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Engman Public Natatorium

Engman Public Natatorium

1040 W. Washington St.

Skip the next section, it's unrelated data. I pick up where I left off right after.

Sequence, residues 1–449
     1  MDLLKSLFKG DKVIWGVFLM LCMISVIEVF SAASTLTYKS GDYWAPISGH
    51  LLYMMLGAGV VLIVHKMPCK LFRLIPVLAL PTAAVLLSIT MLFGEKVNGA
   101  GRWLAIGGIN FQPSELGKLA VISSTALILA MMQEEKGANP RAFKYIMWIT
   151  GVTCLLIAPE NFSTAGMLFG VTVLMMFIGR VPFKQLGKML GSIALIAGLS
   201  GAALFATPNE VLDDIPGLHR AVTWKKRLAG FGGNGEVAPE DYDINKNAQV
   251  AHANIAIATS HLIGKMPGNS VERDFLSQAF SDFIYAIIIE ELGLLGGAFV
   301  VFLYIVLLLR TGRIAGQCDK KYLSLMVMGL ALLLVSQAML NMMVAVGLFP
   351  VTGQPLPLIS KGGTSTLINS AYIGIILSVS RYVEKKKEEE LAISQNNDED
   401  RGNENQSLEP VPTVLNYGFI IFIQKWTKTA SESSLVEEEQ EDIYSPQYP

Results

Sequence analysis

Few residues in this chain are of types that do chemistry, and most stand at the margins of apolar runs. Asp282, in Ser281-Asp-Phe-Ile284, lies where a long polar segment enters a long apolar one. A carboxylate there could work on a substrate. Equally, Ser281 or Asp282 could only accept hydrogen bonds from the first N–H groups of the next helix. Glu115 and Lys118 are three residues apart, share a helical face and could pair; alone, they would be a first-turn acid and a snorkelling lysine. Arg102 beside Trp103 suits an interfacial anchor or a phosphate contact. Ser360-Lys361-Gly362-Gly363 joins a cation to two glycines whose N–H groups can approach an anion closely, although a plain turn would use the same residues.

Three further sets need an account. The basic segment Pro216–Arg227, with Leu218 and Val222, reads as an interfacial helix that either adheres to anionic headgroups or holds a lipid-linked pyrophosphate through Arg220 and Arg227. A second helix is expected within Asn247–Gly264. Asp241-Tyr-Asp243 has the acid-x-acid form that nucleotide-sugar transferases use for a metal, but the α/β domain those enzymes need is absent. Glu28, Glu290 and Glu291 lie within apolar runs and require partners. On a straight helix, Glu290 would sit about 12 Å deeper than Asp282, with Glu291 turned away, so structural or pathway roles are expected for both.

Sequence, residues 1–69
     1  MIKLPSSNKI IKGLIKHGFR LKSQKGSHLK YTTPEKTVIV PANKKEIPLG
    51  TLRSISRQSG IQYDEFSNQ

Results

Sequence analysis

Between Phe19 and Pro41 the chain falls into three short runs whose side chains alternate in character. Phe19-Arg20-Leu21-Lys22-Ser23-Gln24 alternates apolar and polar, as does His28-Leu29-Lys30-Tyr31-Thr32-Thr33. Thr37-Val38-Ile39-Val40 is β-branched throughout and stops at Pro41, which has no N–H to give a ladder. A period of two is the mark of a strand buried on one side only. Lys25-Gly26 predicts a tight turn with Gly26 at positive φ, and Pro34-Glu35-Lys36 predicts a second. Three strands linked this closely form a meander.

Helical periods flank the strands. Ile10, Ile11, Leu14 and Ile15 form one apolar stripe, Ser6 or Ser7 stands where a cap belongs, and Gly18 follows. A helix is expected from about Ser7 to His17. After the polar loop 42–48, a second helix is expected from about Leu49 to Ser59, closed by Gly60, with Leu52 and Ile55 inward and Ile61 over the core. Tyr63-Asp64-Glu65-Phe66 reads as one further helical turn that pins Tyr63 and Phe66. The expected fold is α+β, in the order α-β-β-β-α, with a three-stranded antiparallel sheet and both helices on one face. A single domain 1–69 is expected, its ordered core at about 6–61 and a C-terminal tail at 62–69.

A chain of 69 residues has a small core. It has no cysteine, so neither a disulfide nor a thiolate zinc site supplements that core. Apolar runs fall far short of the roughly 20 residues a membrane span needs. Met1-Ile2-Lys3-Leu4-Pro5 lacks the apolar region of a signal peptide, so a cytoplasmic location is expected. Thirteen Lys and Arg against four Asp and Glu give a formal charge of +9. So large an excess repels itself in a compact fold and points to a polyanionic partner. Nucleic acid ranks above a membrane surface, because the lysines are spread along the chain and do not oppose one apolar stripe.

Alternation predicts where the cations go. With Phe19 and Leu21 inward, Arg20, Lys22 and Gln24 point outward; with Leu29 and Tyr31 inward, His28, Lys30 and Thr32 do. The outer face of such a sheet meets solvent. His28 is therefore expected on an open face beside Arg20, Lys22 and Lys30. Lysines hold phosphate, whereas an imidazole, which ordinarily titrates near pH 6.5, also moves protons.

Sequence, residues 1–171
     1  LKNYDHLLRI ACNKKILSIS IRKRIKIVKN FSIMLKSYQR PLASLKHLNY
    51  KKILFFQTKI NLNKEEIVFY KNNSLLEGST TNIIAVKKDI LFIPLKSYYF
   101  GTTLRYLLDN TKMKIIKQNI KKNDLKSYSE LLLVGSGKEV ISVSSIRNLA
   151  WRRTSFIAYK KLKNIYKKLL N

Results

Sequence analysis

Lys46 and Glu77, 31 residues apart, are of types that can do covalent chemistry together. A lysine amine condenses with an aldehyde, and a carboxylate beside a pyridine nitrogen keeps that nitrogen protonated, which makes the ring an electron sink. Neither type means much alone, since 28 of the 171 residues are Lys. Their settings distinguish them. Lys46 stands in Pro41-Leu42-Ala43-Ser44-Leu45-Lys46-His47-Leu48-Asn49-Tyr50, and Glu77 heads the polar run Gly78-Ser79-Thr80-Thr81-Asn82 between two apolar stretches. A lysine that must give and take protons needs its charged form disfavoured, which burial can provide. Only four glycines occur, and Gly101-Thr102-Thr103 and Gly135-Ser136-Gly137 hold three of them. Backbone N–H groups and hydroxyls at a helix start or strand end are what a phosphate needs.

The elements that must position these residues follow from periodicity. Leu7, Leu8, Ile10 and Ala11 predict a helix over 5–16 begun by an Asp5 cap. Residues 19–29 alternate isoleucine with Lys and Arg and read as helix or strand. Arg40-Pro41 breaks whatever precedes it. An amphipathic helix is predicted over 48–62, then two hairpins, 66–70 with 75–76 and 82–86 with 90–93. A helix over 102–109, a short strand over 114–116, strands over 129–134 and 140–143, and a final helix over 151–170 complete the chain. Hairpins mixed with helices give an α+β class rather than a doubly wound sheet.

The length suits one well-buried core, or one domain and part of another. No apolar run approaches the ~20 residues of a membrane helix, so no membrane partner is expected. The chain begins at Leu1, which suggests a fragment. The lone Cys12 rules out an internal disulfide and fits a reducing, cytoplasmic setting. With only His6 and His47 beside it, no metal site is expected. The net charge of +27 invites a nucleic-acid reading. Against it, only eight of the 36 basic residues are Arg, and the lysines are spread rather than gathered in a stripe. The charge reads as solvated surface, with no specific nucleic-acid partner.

In 1921-22, the city of South Bend built its first public swimming pool. At that time, it was the state’s largest indoor swimming facility. Yet, Jim Crow laws of exclusion prohibited blacks from entering, denying access to the entire public. Beginning in 1931, the Natatorium was the focus of a quiet civil rights campaign, first against exclusion and then against segregation. The NAACP and African American attorney J. Chester Allen organized a petition drive and presented repeated, yet unsuccessful, requests to the Board of Park Commissioners. In 1936, after the City of South Bend had appropriated $25,000 in tax revenues for repairs, black residents filed a protest petition with the state tax commissioner. In response, in 1937, the pool was opened one day a week for African Americans. In 1950, the NAACP once again came before the park board and presented the case for integrated, equal access to the Natatorium. A motion to open the Natatorium on an equal basis finally passed in 1950, granting African Americans full access to the public facility as white residents had experienced for 28 years. Another 28 years later, in 1978, Engman Natatorium closed, having fallen into disrepair. By 2006, a new vision began to emerge to turn the Natatorium, once a symbol of segregation, into a landmark focusing on the civil-rights struggle in the northern United States. Work began among a coalition of residents, students and faculty from Indiana University South Bend, the City of South Bend and South Bend Heritage Foundation (a nonprofit community development corporation). Their work reached its completion on May 23, 2010, when Engman Natatorium was rededicated as home to the IU South Bend Civil Rights Heritage Center. The community’s work gained national recognition in 2012 when the effort to transform the Natatorium was part of South Bend’s designation as an All-America City.